Driving Country Roads

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Maybe, when you think about country roads, in your mind’s eye you see the curving blacktop roads in New England or West Virginia. The Internet will tell you about those roads, to slow down around curves, watch for wild animals and incoming traffic, to obey the speed limit, especially on curves.

Those aren’t my roads. Mine are gravel–six miles if I drive two miles to the Oketo corner, as we always called it although it’s now named Cherokee Road, and turn right for another four miles of gravel to where pavement begins. Or, if I head south to Highway 36, it’s nine miles of gravel before blacktop begins past the cemetery at Home, Kansas.

The rules for gravel are different and basic: slow down. No one who travels this stretch slows down much. Most of us have traveled it all our lives. We know where the rough spots are. We drive by the feel of the gravel.

According to everything2.com, you first need to know what gravel is, “…broken down rock material…” That, I expect, is fairly obvious. “The major difference between driving on gravel and driving on a sealed surface is that there is much less grip on gravel.” And there the tendency to slide comes into play.

That’s what any farm kid learns, driving a truck at a reckless speed on gravel.

I thought about that yesterday as I drove back from town. The township grader and driver were at work on the gravel stretch from Oketo to our corner where I turn north on 16th Road which used to be the Home road, but now it has a name, too. The driving was a little iffy where the grader left loose piles of gravel, but easily doable if I stayed in the two main lanes.

That’s another lesson farm kids learn. In general, there’s two good, worn down lanes with a third swerving to the side to play safe as you come to the top of a hill and swerving back to the two main tracks once you top the hill. That swerving to the side track happens on both sides of the hill and is an automatic movement. It’s what we do.

As I turned north on 16th Road for the two mile stretch to our lane, I slowed down. The road is narrower here and less maintained. That’s when I realized I drive by the feel of the road. That’s the stretch when memory blooms, and I remembered taking the pickup one day when the folks went to town. For farm work, I’d started driving around age fourteen, so I don’t think I was very old, but I do know I was mad at having to stay home. I drove over to the west side and back at a reckless speed, caught the tires in loose gravel and flipped the truck. When I came to my senses, I walked home across the field. Boy, was Dad mad. Somewhere in those years, I also turned over the tractor after catching the plow in the barbwire fence on a too fast turn. He was mad that time, too, and carried accident insurance on me for the rest of my farm work youth. There was some doubt I’d make it to adulthood.

Yesterday, a meadowlark trilled as I passed, five red-wing blackbirds swooped in front of my car, and a turkey scurried across the road.

Now, that’s worth slowing down for.
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11 thoughts on “Driving Country Roads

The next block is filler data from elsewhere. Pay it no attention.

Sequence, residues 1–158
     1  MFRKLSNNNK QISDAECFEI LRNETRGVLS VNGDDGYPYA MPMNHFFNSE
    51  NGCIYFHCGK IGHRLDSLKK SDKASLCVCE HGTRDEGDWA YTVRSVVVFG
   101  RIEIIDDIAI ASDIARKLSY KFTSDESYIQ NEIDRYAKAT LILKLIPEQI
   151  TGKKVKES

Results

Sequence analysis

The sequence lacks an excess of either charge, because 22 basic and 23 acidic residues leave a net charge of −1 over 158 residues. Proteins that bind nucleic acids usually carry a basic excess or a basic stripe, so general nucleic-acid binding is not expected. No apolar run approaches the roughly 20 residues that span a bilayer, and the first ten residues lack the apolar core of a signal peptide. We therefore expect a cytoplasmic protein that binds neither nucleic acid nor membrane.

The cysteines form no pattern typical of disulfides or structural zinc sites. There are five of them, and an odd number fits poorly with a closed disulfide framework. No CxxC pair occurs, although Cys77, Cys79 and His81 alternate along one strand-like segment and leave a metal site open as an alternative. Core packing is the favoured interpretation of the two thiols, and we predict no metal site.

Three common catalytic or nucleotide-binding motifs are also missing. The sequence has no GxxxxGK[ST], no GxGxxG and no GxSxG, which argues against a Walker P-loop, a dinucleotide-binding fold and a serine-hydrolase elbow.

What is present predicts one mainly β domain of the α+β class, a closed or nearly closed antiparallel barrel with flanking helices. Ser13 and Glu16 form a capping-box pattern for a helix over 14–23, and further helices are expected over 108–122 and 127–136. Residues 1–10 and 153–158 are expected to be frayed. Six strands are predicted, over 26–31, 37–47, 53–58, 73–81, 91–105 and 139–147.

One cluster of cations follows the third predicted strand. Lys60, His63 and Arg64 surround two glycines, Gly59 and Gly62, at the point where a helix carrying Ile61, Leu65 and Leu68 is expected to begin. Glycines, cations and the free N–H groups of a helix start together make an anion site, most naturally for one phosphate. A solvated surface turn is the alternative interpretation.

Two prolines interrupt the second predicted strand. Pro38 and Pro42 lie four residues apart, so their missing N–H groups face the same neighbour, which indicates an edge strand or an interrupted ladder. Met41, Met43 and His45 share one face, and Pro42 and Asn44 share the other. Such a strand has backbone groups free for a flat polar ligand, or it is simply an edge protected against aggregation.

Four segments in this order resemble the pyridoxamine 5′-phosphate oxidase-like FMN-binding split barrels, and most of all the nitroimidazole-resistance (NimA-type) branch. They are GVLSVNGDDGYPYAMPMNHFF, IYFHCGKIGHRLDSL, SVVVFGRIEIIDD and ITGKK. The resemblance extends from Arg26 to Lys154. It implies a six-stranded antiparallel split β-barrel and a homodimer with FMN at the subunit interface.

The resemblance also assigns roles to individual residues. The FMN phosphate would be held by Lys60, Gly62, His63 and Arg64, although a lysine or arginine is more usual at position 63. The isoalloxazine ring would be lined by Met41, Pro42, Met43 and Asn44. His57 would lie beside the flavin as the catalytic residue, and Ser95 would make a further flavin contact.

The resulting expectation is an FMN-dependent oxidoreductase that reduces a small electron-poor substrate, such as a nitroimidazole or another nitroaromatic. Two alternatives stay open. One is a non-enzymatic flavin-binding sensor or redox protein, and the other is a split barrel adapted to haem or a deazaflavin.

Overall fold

1. All the roads around my grandparents’ farm were gravel, so I have memories of that as well, although I wasn’t driving most of the time those memories were in the making. What I remember, too, is how square the miles/roads were and when the corn grew tall, you had to be careful approaching each corner, because you had no idea whether anyone was barreling along the other way. Now we drive on some gravel roads in Wyoming and yes, they can be a bit slippery.

    janet

    1. Hey Janet. I expect there’s a fair amount of gravel in Wyoming!
      So glad the post brought back grandparent memories. Tall corn can certainly pose a new hazard, that’s for sure. Right now we’ve had so much rain up here that the farmers are having trouble just getting in the field to plant it.

  2. On my trip to Kansas a couple of years ago, I was surprised by the ubiquity of gravel roads. There are some here in Texas, to be sure, but the Farm to Market roads are blacktop. One difference is that you have pretty high quality gravel, and we have caliche. The downside of that stuff is that it gets slick when it rains, which adds to the level of amusement.

    I like gravel roads. I grew up with them, and with a dad who enjoyed going “exploring” on them. We often set out in search of treasure. What i didn’t realize until much, much later in life was that the time together was the treasure.

    1. I remember caliche. It’s not fun to drive on. Used to be that kind of road to Enchanted Rock.
      How nice the post brought memories of exploring with your father. Gravel roads hold mysteries and treasures and turns you didn’t expect to make. I’ve liked exploring some of the old roads around here, too, where people I used to know once lived.

  3. I love this – especially the red-wing blackbirds on the barbwire fence. Brings back memories of dirt roads in the countryside around my mother’s small Alabama cotton-growing town. I remember the softness of the dirt that came from the banks of a creek aptly named Big Sandy. I admire your talent driving on gravel roads. Muscle memory stands you in good stead.

    1. hahahahah…well, muscle memory is about all the memory I have left! If it weren’t for forty plus years of journals, I’d never be a memorist, let me tell you.

      I’m so happy the red-winged blackbirds are still around. One of the mornings we were up there, a turkey strolled past the old chicken shed and quail sounded off in the tall grass. I am so grateful for that 160 acres of wildness.

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